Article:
Patients visiting the new Joint & Spine Center at TriStar Southern Hills Medical Center could be forgiven for thinking they are in a hotel. The first time many staffers saw the center they made the same mistake.

“It’s a 20-bed, boutique concept center,” says Tom Ozburn, CEO. “We wanted to expand our spine, orthopedic and neurosurgical offerings, but we wanted to do that in a nontraditional way. We felt like our patients were interested in care delivered from a different angle, particularly those orthopedic patients who are not sick but are just coming in for a procedure.”

Ozburn and his team visited facilities around the country, taking note of what they liked, and what they didn’t think would work at Southern Hills. They also brought physicians and service-line personnel during the design phase, so that everyone who’d be spending lots of time on the unit would have a say. The result is a completely renovated floor that bears little resemblance to the busy hospital that surrounds it.

“When those elevators open, you really feel like you’ve left the hospital,” Ozburn says of the $3.5 million center, which opened in early 2014. “It looks like a high-end hotel. The person who greets you is a concierge, not a unit secretary. Food trays don’t come to the room; we have a bistro-style dining facility on that floor, because we expect those patients to be up and ambulatory. Their caregivers dine for free with them, and many of the doctors dine there as well. It is a very communal setting.”

The physical rehab area has an added twist as well, in that it’s much more like a wellness gym than physical therapy site. It, too, is on the floor, because Ozburn says the Joint & Spine Center’s whole goal is that once a patient arrives, he or she never has to leave the floor until it’s time to go home. Not that anyone would want to.

“The concierge calls you before surgery and invites you over for a tour,” he says. “You see where you’ll be sleeping, dining, having therapy.”

In addition to the concierge and the team of board-certified physicians, the floor also has its own dedicated nursing and rehab personnel, discharge planners and pain management specialists.

Patients also get to wear a hospital-monogrammed robe during their stay. And then there’s the technology:

Nurse Call System. Nurse Call is a touch-screen panel with direct communication to the care team from a patient’s room. Rather than using an overhead paging system to call a member of the care team for assistance, the Nurse Call System allows for direct communication to their phone. For example, with one touch, there is direct access to nurses, techs, respiratory, EVS and dietary. Patients can also utilize the system for specific requests.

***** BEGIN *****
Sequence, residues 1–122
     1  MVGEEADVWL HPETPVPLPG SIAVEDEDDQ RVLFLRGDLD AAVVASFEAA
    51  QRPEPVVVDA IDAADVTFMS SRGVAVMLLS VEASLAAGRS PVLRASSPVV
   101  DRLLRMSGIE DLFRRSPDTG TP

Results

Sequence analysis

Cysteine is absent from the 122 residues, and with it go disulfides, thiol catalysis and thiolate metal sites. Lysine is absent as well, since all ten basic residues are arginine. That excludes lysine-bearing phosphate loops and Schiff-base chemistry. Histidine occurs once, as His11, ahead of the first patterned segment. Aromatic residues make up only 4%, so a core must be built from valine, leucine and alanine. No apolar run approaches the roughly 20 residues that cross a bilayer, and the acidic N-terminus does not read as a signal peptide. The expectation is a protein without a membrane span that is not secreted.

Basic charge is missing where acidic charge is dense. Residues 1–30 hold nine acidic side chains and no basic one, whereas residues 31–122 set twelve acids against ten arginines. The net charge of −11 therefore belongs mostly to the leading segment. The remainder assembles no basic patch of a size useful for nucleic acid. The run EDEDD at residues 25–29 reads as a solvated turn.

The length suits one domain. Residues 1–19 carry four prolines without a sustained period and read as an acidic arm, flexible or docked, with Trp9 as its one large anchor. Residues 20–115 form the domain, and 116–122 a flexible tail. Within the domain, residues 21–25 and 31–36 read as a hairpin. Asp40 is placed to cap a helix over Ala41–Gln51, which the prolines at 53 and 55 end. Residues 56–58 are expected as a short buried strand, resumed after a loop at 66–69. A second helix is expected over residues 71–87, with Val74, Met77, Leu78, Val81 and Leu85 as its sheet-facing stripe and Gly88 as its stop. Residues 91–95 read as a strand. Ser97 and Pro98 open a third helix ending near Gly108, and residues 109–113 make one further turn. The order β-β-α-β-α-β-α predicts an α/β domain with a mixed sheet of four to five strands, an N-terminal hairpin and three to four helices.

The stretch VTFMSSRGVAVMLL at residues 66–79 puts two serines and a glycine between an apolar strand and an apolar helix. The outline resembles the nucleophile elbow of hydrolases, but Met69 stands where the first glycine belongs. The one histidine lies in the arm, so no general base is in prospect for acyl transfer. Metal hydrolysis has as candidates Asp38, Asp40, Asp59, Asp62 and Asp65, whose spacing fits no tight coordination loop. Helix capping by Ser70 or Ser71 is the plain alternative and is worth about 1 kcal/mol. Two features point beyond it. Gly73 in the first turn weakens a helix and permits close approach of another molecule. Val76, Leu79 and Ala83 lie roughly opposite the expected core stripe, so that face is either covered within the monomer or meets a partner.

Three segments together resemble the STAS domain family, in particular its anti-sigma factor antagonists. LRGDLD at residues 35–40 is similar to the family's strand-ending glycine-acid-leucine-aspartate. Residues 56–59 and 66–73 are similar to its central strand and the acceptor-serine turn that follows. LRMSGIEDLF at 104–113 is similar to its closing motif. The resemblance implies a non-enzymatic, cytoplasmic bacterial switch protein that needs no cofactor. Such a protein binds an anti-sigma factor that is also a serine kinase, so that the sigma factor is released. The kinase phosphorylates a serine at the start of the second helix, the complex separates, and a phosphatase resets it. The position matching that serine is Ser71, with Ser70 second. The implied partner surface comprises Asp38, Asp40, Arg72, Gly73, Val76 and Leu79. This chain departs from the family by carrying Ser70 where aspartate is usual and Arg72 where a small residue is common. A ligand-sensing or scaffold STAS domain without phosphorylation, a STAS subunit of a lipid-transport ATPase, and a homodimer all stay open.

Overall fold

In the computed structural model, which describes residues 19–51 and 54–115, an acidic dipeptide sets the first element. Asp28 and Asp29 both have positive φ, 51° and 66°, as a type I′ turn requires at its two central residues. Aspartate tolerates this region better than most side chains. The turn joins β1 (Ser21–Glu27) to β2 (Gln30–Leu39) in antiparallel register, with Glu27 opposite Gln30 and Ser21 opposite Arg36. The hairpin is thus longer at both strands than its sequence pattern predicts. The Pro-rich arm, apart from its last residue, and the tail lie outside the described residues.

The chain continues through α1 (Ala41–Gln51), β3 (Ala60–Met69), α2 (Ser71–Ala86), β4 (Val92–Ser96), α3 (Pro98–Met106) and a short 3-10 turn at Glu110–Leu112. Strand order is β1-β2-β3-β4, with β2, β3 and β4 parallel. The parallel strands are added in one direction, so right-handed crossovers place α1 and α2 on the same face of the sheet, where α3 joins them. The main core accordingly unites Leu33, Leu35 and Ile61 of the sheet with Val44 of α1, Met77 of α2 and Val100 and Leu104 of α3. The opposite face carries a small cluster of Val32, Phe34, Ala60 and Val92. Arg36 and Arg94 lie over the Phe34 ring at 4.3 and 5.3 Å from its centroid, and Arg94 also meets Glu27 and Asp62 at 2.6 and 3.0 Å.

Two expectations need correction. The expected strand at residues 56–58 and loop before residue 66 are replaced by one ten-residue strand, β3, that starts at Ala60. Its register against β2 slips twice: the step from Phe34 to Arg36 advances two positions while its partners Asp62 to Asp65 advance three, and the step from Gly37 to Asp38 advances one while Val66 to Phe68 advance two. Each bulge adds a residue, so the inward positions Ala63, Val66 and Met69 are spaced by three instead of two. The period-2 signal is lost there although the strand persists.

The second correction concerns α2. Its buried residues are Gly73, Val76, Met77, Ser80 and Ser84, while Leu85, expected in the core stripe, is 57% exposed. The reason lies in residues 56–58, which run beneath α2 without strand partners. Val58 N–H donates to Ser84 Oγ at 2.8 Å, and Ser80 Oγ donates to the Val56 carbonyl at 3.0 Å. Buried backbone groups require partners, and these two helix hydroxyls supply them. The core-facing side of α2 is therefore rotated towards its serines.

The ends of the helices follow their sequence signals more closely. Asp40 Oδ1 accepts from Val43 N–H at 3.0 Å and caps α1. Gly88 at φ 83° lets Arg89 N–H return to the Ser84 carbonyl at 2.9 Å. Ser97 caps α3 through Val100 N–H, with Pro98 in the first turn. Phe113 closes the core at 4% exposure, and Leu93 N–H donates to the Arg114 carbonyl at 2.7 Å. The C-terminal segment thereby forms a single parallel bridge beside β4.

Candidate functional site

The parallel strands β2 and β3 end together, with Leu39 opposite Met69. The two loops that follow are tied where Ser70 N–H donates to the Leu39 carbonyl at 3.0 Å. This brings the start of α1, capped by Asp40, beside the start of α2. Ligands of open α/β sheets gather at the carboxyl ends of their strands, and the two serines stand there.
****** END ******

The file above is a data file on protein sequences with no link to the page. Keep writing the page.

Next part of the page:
“Our nurses designed what buttons went onto that backlit control, which is on the wall as you walk in the door,” Ozburn says. “One of them is ‘provider in the room,’ so when the doctor goes in he touches that button, which then automatically calls the nurse assigned to that room, who then can either come down or speak with the doctor over the system. It has a lot of communication and reminder options, and the beauty of it is that all the content was nurse-designed, so it’s exactly what they need.”

Electronic Whiteboard. Electronic whiteboards are in each patient room to display pertinent information for patients and their families. That includes diet, last pain rating documented and daily patient goals, along with the attending physician, nurse and tech’s phone numbers. The whiteboard also displays educational information on medication side effects.  The device also enables physicians to show patients post-operative images.

“No more sticky notes up everywhere” Ozburn says. “The information is updated throughout the day as it relates to the patient’s care, and at 8 p.m. it automatically turns off and becomes a wall clock until 7 a.m. the next day.”

Rapid Display. Rapid Display is an electronic display panel outside of the patient’s room that displays the room number, provider information and patient restrictions such as fall risk and dietary restrictions.

RFID Hand-Hygiene System. The hospital also has a RFID (radio frequency identification) hand-hygiene system that tracks hand hygiene compliance in each patient room.

“We wanted to leverage technology to make the patient experience better, but also to make the work process easier for the clinicians giving that care,” Ozburn says. “All of our employees have RFID chips in their badges that tracks each hand-hygiene event and the amount of time they are in a room. This lets us examine how many touches we have in regard to the patient, and that feeds a lot into patient satisfaction.”

The Joint & Spine Center consistently has an 89 percent to 90 percent hand-hygiene compliance rate, he adds.

And speaking of high percentages, the Joint and Spine Center is performing better than expected in that regard, which doesn’t surprise Ozburn at all.

“We use different metrics to rank satisfaction with our doctors, nurses, staff and patients,” he says. “That floor is ranked within the 99th percentile in all areas,” he says. “We believe we’re onto something. I have gotten countless letters from patients saying they didn’t believe they were in a hospital. People are excited, and they are telling their friends and family. We are seeing our volume really pick up, because this is unlike anything people have experienced before in terms of a hospital stay.”

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